A set of free software userspace tools for Linux that allow system administrators to interact with the Connection Tracking System.
Why use the conntrack-tools?
The userspace daemon conntrackd can be used to enable high availability cluster-based stateful firewalls and collect statistics of the stateful firewall use. The command line interface conntrack provides a more flexible interface to the connnection tracking system than /proc/net/ip_conntrack.
What can do the conntrack-tools for me?
Lots of cool things. conntrackd covers the specific aspects of stateful Linux firewalls to enable high availability solutions and it can be used as statistics collector of the firewall use as well. The command line interface conntrack provides an interface to add, delete and update flow entries, list current active flows in plain text/XML, current IPv4 NAT'ed flows, reset counters atomically, flush the connection tracking table and monitor connection tracking events among many other.
So, does conntrackd provides an equivalent of OpenBSD's pfsync?
Yes. conntrackd synchronizes the states among several replica firewalls, so you can deploy failover setups with stateful Linux firewalls. See the support section for more information. However, conntrackd can be also used to collect statistics of the stateful firewall use.
Why use the command line tool conntrack instead of /proc/net/ip_conntrack?
There are several good reasons to do so. The /proc interface offers a quite limited interface to the Connection Tracking System since it only allows you to dump current active network flows. Instead, conntrack allows you to update network flows without adding a new iptables rule, e.g. update the conntrack mark, or dump the connection tracking table in XML format. Moreover, using the /proc interface to dump the connection tracking table under very busy firewalls, i.e. those with tons of connection states, harms performance. Specifically, this becomes a problem if you poll from the /proc interface to get firewall statistics. Also, conntrack offers connection events monitoring which a feature that the /proc interface does not provide.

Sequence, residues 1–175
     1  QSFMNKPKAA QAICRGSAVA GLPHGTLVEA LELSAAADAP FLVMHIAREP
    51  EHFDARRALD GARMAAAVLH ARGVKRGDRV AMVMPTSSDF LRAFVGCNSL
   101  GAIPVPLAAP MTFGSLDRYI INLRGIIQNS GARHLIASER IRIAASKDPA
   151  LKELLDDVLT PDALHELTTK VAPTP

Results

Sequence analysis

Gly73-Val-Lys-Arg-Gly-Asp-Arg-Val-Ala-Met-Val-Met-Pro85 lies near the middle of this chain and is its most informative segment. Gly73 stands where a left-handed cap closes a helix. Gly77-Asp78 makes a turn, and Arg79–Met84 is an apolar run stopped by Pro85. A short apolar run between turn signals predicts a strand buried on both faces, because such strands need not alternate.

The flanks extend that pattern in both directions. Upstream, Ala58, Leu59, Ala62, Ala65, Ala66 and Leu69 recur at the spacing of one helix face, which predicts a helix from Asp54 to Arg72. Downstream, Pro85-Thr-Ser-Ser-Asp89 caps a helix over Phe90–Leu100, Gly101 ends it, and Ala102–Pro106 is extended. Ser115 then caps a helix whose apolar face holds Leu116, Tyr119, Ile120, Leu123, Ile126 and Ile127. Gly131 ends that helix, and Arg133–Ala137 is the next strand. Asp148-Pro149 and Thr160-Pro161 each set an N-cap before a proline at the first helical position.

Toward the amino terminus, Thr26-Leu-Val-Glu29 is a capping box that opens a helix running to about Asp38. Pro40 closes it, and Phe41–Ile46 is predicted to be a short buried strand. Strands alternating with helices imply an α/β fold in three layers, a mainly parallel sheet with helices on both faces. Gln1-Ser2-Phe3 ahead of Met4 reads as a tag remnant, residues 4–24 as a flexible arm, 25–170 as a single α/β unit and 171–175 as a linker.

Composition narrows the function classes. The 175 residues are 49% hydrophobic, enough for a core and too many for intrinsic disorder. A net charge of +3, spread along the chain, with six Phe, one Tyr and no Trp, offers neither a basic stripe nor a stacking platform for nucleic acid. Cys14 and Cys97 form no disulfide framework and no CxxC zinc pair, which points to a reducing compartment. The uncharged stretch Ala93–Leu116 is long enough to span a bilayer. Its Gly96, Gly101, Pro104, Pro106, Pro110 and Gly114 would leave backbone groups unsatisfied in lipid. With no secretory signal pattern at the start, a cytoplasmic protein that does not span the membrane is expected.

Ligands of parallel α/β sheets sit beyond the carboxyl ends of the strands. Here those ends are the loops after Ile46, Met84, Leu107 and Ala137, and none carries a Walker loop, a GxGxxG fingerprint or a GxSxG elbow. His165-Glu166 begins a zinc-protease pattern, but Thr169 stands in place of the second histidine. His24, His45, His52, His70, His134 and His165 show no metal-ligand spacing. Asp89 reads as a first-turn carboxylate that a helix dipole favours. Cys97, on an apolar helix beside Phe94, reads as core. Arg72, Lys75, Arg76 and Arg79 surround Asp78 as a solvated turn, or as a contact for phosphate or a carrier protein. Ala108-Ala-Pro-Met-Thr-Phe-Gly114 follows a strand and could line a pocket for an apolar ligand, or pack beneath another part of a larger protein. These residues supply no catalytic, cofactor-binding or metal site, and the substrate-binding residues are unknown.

Can I use conntrack to cut established TCP connections?
Yes. You can use conntrack to kill an established TCP connection without adding an iptables rule. Of course, you require a sane stateful ruleset which would block a packet that does not match any existing entry in the Connection Tracking Table. Basically, the idea consists of removing the entry that talks about the victim TCP connection. Thus, the client experiences a connection hang. Moreover, since conntrack is not dependent of the layer 4 protocol, you can use to kill whatever layer 4 network flow (UDP, SCTP, ...).
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What's New in This Release:
- This version adds support to dump the "dying" and "unconfirmed" list via ctnetlink.
- A deadlock due to wrong nested signal blocking was resolved.